WASHINGTON – If the president wants Congress to pass his ambitious new space plan,he will need to answer some tough questions – like how much it will cost,and can Americans afford such a project in the face of an astronomical deficit.
In the first formal discussion of President Bush's plan,the House Committee on Science posed a series of questions Thursday to NASA Administrator Sean O'Keefe and the president's director of science and technology policy.
“There are still a lot of unanswered questions,” said Rep. Mark Udall,D-Colo.,a committee member. “There are outstanding questions about cost,focus and existing programs.”
Udall expressed concern over the decision to terminate the Hubble space telescope program,which has been sending back photos and other data about the cosmos since 1990. Preserving the aging telescope will require that astronauts visit it to make repairs.
“If we are afraid to fly to the Hubble,what are we doing talking about going to the moon and then Mars?” Udall asked.
The president's space exploration initiative,which he proposed in January,includes three major goals: completing the International Space Station by the end of the decade,placing humans on the moon by 2020 and,ultimately,landing humans on Mars to increase the commercialization of space.
Bush proposed raising NASA's budget by 5.6 percent to $16.2 billion for fiscal 2005 and spending a cumulative $87.1 billion on the entire NASA budget between 2005 and 2009.
“I have to say that this is hardly the ideal year for this proposal to have come forward – although perhaps there never would be an ideal year,” said Rep. Sherwood Boehlert,R-N.Y.,the committee chair. “The advance of human space flight is an engaging dream,but I want to know how we're going to feel when we wake up.”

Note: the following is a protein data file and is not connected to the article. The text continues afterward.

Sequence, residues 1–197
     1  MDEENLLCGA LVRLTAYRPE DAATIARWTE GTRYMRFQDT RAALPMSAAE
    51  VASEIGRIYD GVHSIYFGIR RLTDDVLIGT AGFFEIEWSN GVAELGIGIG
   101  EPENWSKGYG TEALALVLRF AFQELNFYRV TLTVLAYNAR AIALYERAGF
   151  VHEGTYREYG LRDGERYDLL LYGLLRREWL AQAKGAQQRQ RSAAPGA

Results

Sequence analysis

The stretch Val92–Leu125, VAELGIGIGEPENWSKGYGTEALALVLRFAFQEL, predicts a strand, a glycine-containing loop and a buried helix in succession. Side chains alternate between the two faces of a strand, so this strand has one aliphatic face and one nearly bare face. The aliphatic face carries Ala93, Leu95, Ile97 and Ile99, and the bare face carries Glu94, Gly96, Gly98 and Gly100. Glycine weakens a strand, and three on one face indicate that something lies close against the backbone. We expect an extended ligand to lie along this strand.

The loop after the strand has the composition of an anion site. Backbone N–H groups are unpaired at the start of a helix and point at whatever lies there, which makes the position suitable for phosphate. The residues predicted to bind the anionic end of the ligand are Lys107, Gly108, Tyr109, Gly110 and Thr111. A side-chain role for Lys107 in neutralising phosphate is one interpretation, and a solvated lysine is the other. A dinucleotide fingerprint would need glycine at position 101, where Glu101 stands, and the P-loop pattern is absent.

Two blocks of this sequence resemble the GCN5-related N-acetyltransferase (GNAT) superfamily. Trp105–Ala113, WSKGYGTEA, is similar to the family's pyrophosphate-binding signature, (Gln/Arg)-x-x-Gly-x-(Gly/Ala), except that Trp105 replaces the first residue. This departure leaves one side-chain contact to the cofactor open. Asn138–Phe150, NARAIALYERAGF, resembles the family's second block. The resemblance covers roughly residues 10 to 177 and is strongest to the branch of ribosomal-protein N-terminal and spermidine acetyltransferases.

Unfortunately,the science of future technology is not something that can be answered clearly.
The president's plan is “a long-term objective. This is not a program in which there can be discreet elements. … It is something over a longer period of time,which you can assess,must assess,progress as you approach it,” said O'Keefe.
NASA will be focusing on the completion of the space station in the next six years so it can gain a better understanding of the long-term effects of space on the human body. The current space shuttle program would be in place long enough to complete the space station.
NASA will also be working toward building a crew exploration vehicle,named Project Constellation,which would replace the shuttle as a means of transportation to the moon and beyond.
O'Keefe was unable to answer how much the program would cost by 2016.
“We will be transferring our work on the (Orbital Space Plan) to the CEV,” said Evan McCollum,director of communication for Lockheed Martin Space System Co. in Colorado. “I know that NASA has a difficult decision to make regarding programs and funding.”
Colorado is a leader in the nation's space industry. It is home to the third-largest space economy,behind California and Florida,providing an estimated $4 billion to $5 billion a year in revenue,according to the Colorado Office of Economic Development.
Lockheed Martin,which helped build the Hubble telescope,is one of the state's space technology industry leaders.
“The Hubble telescope has provided and continues to provide science innovation,” McCollum said. “Its mission will,someday,come to an end.”
The Columbia Accident Investigation Board suggested that a trip to service the Hubble could pose a safety threat to astronauts if an emergency arose. The current space shuttle would not be able to reach the space station,where help would be available.
Without a servicing mission,Hubble is expected to stop working around 2007.